Global Trend: Freedom of the Press and Journalists Are Under Attack

Anyone trying to understand  the current health of the global press can see some disturbing trends at play. The first one is insidious and has been unfolding in the United States and Europe for the past two decades. It consists of the purchase of major news organizations by large corporations who have more concerns about profits and ratings than the quality of the news they broadcast. The second one is blatant. It consists of individual journalists being jailed, abducted or even killed for reporting the news.

Most Mainstream News Outlets Are Owned by Corporations and Have Lost Real Independence

For example, in the US the three major news networks are now owned by mega-corporations: Disney owns ABC News, General Electric owns NBC, and Viacom owns CBS. Needless to say, the parent companies of the big three news networks focus on their ratings, not good journalism. Recently, ABC News paid a fortune to  hire star-journalist Christiane Amanpour while it was cutting 400 jobs. Globally, except for the BBC, all major news outlets are making drastic cuts in the number of their foreign correspondents, and they rely increasingly on local freelance journalists who do not enjoy the type of protection against abuse that a big news organization can provide.

This restructuring of the news applies not only to television but also to radio, magazines and newspapers. Newspapers and magazines are all struggling to come up with a financially viable model for the switch from print to online format. Major news institutions such as Newsweek and Le Monde have changed hands. Le Monde, which was arguably the best French daily since 1945, went from being controlled and owned by its board of editors and journalists, to be sold to three investors, including one who had made his fortune in online pornography. As newspapers cut their editorial staff, they rely increasingly on cutting and pasting the coverage that comes from the wires. The consequence of picking up stories from AP, Reuters or AFP is that most newspapers have lost their specific voices and become a generic blend of pseudo-objective news.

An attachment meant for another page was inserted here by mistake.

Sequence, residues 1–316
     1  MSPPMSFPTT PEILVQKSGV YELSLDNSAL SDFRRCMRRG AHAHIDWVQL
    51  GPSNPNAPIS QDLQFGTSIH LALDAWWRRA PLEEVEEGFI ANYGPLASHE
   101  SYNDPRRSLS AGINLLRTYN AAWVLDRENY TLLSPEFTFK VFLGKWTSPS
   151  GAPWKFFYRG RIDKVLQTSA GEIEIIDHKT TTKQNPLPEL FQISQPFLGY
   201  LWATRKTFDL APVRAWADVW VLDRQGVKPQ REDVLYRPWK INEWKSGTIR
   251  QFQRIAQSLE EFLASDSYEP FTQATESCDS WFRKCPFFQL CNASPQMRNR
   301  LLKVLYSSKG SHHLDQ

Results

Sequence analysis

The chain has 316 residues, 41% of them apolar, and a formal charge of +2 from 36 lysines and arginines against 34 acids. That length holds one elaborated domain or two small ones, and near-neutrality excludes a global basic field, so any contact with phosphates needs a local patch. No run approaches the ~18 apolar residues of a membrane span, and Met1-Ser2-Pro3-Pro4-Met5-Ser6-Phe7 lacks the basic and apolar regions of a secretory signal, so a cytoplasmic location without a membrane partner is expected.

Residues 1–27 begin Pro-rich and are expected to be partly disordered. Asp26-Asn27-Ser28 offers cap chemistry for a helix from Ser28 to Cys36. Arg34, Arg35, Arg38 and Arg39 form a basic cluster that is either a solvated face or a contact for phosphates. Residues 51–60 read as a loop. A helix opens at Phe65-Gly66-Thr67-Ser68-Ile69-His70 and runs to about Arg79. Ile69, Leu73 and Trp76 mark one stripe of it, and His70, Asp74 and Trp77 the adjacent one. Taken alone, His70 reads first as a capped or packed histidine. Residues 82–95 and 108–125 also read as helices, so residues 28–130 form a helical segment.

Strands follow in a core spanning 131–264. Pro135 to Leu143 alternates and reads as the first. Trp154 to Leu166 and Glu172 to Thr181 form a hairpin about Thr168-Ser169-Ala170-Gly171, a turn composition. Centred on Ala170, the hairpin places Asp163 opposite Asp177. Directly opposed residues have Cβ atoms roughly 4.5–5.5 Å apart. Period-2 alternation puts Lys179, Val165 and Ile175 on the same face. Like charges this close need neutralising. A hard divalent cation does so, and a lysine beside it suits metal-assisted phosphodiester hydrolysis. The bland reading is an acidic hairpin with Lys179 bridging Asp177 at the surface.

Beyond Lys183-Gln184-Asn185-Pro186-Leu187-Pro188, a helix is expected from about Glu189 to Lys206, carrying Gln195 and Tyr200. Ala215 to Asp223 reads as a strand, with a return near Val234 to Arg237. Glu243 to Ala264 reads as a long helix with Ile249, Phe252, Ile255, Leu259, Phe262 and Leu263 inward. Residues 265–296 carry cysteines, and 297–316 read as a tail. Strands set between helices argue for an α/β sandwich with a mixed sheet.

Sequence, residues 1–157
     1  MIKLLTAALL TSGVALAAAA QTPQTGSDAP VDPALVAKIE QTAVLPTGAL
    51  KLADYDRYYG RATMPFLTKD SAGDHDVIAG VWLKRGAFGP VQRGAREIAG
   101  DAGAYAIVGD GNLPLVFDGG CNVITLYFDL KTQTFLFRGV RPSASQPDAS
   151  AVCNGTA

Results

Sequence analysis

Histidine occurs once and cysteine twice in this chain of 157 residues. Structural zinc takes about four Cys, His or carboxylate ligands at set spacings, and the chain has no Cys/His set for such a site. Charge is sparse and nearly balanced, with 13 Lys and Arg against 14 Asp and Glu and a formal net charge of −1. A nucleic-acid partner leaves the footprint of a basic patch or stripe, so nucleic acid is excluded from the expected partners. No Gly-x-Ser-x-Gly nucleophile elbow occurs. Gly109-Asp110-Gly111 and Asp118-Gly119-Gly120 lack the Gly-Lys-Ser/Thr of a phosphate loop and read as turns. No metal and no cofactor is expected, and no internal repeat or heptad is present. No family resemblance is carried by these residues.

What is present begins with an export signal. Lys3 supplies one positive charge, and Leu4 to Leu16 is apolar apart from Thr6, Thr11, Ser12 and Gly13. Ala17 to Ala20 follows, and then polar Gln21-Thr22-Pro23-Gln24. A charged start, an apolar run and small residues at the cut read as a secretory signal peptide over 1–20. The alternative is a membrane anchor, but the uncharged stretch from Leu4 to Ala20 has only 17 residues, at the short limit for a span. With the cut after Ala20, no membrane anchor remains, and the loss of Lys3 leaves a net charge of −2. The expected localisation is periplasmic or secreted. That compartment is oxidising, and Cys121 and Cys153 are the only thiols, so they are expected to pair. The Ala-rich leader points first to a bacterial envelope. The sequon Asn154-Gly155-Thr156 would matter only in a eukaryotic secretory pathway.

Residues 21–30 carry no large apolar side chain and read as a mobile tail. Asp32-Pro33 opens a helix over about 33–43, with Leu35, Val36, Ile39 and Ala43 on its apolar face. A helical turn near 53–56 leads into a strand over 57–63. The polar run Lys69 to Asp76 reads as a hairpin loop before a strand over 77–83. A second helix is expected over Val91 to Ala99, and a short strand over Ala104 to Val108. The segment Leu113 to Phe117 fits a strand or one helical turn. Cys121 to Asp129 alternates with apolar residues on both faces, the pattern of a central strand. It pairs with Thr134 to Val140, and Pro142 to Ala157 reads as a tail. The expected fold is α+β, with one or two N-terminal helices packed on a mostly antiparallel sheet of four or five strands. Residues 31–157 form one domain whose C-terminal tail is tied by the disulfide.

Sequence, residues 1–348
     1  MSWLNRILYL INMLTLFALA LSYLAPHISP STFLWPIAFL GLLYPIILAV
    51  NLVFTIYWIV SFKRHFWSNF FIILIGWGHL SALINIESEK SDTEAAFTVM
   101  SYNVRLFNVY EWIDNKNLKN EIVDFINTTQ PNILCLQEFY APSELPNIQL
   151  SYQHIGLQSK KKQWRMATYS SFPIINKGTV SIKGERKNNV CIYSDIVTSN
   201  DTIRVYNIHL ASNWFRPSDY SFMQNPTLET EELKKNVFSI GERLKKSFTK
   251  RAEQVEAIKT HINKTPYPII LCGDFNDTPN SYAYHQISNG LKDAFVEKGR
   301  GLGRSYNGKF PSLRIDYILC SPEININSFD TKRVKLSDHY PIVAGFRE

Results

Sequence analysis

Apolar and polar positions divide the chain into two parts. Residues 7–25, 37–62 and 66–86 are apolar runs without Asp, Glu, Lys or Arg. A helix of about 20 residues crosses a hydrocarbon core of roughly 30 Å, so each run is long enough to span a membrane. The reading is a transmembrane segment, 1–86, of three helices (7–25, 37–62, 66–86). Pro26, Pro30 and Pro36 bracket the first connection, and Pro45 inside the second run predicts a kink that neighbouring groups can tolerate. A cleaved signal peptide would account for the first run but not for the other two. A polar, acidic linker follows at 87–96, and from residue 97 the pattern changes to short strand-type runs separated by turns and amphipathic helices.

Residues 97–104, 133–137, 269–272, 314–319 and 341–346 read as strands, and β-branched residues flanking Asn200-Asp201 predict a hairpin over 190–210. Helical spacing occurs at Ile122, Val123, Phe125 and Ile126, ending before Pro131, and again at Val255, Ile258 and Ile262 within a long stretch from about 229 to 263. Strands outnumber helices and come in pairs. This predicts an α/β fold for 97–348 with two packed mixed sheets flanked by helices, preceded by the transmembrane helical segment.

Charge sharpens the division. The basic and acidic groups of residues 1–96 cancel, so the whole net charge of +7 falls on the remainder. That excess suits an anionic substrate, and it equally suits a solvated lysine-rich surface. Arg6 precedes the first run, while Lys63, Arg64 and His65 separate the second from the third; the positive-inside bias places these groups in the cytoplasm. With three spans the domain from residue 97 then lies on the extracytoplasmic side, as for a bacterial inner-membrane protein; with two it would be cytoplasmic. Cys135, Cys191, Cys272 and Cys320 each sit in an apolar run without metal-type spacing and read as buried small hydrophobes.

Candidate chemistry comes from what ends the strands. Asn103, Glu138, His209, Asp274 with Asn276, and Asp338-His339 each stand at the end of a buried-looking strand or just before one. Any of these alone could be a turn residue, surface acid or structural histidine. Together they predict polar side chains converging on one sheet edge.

An Increasing Number of Journalists Are Jailed or Killed Worldwide

As of September 2010, according to the Committee to Protect Journalists (CPJ), 26 journalists had already been killed in the year. Four were killed in Pakistan, three in Honduras, two in Thailand, two in Nigeria, two in Afghanistan, two in Indonesia, two in India, and one journalist  in each country for Cameroon, Angola, Colombia, Mexico, Rwanda, Iraq, Yemen, and Lebanon.

In 2009, still according to the CPJ, 136 journalists were jailed worldwide. At the top of the list of countries routinely jailing journalists were China with 24, Iran with 23, Cuba with 22, and Eritrea with 19. The number of journalists put in jail for doing their work has steadily increased from 81 in 2000 to 136 in 2009.

“The media business is changing rapidly. Unable to afford foreign bureaus, more newspapers and magazines are relying on freelancers abroad. These stringers look just as suspicious to dictators and militant groups — and they are distinctly more vulnerable. Nine freelancers were killed in reprisal for their work in 2009, while 60 others were in prisons worldwide in late year. As publications and TV networks continue to shed staff and look for ways to cover conflicts more affordably, the number of such cases is only going to grow,” wrote Fareed Zakaria in his preface to CPJ’s report on attacks on the press in 2009.

Even so, cases of killings or imprisonments are almost a daily event, which are unfortunately ignored by the media and only covered by the CPJ.  One case of flagrant abuse is getting a bit more attention from media outlets. On September 7, 2010 the CPJ called on the government of Bahrain to release Ali Abdel Imam, a prominent online journalist, who was arrested the week before on charges of spreading false information.

According to the CPJ, the arrest is the latest in the Bahrain government’s ongoing crackdown on dissent. Abdel Imam is the founder of the news website Bahrain On Line. According to a post on his FaceBook page, Abdel Imam went to  National Security Apparatus offices on Saturday after being summoned by the agency. The next day, the official Bahrain news agency claimed that Abdel Imam had been arrested while “trying to escape to Qatar.” His website was shut down the very same day.

To find out more about the Committee to Protect Journalists and how you can help preserve global  freedom of the press click here.



One Response to Global Trend: Freedom of the Press and Journalists Are Under Attack

  1. rgdaniel September 9, 2010 at 7:07 pm

    It’s all about the corporations… and I’m not sure there’s much that can be done about it… except, at least for now, report it…

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